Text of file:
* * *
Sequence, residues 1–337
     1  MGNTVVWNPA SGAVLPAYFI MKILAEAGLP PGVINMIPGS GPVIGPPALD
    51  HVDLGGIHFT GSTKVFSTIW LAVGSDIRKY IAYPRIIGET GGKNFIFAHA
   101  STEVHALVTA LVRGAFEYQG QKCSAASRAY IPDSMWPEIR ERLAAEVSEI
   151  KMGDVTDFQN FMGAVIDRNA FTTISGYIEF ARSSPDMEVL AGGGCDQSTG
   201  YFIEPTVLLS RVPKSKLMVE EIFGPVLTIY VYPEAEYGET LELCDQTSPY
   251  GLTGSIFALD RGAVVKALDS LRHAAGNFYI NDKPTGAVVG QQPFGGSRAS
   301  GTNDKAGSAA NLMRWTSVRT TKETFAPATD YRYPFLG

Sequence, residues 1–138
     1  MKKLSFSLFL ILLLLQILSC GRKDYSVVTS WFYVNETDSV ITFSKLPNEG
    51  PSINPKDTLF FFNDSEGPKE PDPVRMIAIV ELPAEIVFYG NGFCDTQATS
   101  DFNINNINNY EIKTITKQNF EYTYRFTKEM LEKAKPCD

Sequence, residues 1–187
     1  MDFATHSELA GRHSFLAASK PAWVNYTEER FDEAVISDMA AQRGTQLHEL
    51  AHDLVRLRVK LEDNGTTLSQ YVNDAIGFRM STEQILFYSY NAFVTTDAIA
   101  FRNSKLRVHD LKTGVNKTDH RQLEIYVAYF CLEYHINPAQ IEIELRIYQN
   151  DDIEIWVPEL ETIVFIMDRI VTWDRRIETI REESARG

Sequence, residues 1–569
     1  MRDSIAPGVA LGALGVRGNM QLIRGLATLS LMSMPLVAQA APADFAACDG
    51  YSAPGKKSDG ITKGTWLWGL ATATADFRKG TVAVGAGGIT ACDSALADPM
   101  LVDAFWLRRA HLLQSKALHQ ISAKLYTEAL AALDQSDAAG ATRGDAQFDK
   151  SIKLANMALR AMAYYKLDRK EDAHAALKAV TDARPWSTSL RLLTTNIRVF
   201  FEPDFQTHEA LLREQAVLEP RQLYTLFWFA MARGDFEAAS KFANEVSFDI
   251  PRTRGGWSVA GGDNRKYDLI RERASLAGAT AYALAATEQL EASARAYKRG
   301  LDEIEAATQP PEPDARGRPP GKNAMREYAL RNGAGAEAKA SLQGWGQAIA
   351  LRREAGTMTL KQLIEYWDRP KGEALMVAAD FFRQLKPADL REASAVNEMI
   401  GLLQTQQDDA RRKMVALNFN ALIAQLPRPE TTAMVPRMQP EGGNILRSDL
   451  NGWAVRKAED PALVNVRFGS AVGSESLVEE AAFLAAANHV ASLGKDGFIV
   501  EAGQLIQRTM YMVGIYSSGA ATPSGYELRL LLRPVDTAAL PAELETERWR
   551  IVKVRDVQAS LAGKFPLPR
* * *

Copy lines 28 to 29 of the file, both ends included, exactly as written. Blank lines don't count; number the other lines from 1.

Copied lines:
   451  NGWAVRKAED PALVNVRFGS AVGSESLVEE AAFLAAANHV ASLGKDGFIV
   501  EAGQLIQRTM YMVGIYSSGA ATPSGYELRL LLRPVDTAAL PAELETERWR